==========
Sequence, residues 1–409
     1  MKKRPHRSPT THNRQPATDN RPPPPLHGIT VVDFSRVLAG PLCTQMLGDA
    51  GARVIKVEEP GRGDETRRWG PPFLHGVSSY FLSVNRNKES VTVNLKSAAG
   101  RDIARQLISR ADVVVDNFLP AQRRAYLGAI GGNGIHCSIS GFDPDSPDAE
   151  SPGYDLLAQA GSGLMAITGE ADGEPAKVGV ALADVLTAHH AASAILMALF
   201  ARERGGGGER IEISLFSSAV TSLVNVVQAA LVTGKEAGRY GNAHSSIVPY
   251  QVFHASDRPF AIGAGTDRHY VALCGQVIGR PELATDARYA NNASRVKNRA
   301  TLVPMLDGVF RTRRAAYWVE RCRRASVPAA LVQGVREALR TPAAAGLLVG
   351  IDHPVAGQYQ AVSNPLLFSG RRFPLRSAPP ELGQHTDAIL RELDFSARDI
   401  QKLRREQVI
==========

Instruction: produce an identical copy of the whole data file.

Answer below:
Sequence, residues 1–409
     1  MKKRPHRSPT THNRQPATDN RPPPPLHGIT VVDFSRVLAG PLCTQMLGDA
    51  GARVIKVEEP GRGDETRRWG PPFLHGVSSY FLSVNRNKES VTVNLKSAAG
   101  RDIARQLISR ADVVVDNFLP AQRRAYLGAI GGNGIHCSIS GFDPDSPDAE
   151  SPGYDLLAQA GSGLMAITGE ADGEPAKVGV ALADVLTAHH AASAILMALF
   201  ARERGGGGER IEISLFSSAV TSLVNVVQAA LVTGKEAGRY GNAHSSIVPY
   251  QVFHASDRPF AIGAGTDRHY VALCGQVIGR PELATDARYA NNASRVKNRA
   301  TLVPMLDGVF RTRRAAYWVE RCRRASVPAA LVQGVREALR TPAAAGLLVG
   351  IDHPVAGQYQ AVSNPLLFSG RRFPLRSAPP ELGQHTDAIL RELDFSARDI
   401  QKLRREQVI